Medicine and Culture in the midst of de-civilization.

Today’s technology penetrated mass culture. With the pandemic and the prolonged and imposed confinement, all the sevicios became home and the individual got used to the dangerous sedentarism. They have permeated our minds with new consumer habits, leading to serious physical and emotional disorders as proven (WHO). Norbert Elias, a German sociologist, considers that when the equilibrium imposed by civilization is broken “de-civilization” (neologism) arises, that is, impulses are unleashed and perverse effects appear, contradicting the demands of the civilizing process.

The fact is that the issue is beginning to be debated everywhere, even in different contexts and realities, and I am impressed as the emerging and meddlesome subject of today’s world. In fact, today we are witnessing processes of adulteration of culture; in the media and social networks barbarities are said without taking any responsibility; respect for oneself and for the other is lost; correcting errors or setting limits is retrograde and, there is a naturalization of violence in any social sphere. The principles, values, norms, codes, rules that seek to ensure coexistence and the common good are no longer respected, because they are considered to be manifestations of authoritarianism, not a defense of the freedom of the individual. Meanwhile a discourse of false egalitarianism, absence of legitimate hierarchies, class resentment, political and religious fanaticism is propagated, and even merit, knowledge, and ignorance is encouraged… In short, they are rudimentary manifestations that take us back to primitive times dominated by barbarism, and that civilization, despite its multiple and undeniable flaws, believed to have overcome.


The text is part of the opinion article: “Cultural disruption, social reconfiguration and de-civilization”, from the Blog: “Conflicts, Interests & Harmonies” by Roberto M. Cataldi Amatriain (12/06/2023).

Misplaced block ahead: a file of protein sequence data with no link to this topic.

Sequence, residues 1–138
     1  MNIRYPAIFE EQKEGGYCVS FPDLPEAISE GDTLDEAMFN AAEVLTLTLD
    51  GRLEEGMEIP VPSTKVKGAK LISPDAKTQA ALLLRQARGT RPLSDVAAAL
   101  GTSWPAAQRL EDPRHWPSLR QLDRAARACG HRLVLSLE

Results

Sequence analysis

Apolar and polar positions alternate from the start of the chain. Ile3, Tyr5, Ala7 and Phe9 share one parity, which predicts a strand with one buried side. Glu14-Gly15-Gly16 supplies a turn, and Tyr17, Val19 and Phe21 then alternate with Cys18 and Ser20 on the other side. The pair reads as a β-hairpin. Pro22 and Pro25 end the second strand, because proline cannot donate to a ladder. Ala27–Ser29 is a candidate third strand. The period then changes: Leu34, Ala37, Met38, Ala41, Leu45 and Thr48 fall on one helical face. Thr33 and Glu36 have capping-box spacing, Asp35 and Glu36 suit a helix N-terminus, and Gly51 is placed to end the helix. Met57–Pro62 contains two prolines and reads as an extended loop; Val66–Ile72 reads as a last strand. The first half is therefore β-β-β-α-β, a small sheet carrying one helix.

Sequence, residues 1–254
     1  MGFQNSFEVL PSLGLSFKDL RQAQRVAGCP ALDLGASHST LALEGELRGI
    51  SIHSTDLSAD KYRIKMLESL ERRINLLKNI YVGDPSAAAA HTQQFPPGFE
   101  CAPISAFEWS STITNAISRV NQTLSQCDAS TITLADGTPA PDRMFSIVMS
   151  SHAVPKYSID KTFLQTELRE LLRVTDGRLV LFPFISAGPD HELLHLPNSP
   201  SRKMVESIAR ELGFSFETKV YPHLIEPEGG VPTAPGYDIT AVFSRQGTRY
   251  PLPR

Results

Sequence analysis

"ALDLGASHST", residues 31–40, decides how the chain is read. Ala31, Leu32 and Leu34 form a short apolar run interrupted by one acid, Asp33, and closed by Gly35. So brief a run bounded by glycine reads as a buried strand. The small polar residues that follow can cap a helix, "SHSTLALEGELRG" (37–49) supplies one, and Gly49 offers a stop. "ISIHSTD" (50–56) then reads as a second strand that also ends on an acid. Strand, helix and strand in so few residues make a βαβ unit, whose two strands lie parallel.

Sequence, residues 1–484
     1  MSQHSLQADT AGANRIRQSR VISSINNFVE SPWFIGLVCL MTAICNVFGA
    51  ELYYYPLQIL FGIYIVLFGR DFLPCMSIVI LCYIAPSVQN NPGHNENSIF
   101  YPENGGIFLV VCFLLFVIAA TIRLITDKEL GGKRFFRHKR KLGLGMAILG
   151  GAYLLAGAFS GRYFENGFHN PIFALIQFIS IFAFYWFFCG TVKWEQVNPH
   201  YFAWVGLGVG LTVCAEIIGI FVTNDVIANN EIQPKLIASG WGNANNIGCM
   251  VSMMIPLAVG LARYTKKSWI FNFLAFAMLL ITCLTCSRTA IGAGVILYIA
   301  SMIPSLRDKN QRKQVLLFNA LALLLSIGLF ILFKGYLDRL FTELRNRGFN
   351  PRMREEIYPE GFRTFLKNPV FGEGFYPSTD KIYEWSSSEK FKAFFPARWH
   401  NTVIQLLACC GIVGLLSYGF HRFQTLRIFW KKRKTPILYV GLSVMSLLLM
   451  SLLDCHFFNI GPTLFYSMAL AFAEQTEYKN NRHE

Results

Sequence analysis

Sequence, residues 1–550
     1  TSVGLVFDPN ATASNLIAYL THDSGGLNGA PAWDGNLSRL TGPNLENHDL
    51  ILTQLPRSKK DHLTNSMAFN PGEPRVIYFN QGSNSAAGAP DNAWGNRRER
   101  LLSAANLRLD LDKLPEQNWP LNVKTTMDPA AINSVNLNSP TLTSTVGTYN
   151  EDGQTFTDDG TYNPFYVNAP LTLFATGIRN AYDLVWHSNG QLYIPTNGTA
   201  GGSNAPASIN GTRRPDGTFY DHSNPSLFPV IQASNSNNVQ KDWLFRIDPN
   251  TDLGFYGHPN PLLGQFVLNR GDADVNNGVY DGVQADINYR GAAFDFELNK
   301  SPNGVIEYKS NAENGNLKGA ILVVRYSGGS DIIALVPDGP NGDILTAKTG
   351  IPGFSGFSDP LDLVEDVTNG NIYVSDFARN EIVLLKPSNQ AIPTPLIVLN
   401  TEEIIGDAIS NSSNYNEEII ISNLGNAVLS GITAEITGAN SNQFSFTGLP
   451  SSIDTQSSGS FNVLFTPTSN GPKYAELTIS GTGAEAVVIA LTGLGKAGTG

Epidemiology of alcoholic hepatopathy

The International Liver Congress (22-26, june, 2022, London)

The London Hepatology Congress (2022) presented the Lancet Commission Report, published in December 2021, which recognises that in Europe liver disease is the second most important cause of years of active life lost, behind ischemic heart disease. It was also mentioned that many liver diseases are preventable or can be cured with early treatment, but this requires the introduction of prevention and early detection measures, which would reduce morbidity and mortality, and it is estimated that the lives of some 300,000 people a year could be saved across the continent.

Europe has the highest rate of alcohol consumption in the world and more than 50% of terminal liver diseases are related to alcohol consumption according to the joint report of the EASL (European Liver Study Association)  and The Lancet. Every year 287,000 people die in the continent from liver diseases, mostly preventable with healthy habits, and the trend is increasing: it is an increase of 25% compared to 1990. This report states that most patients with undiagnosed cirrhosis have normal blood tests. The highest incidence of liver disease is observed in young and middle-aged patients, faced with the impossibility of suppressing or banning alcohol consumption, and with the aim of protecting the population, some suggest adopting a similar behaviour to that assumed with tobacco, that is, prohibiting promotion (a measure adopted in almost all Western countries) and that the packaging should include a warning about the dangers of its consumption for health. It is also suggested to increase the price and reduce the promotion.

It is important for doctors to inform their patients and the general public about the consumption of these drinks as well as about healthy habits. Experts advise moderate consumption of alcoholic beverages in addition to not drinking these drinks three consecutive days a week.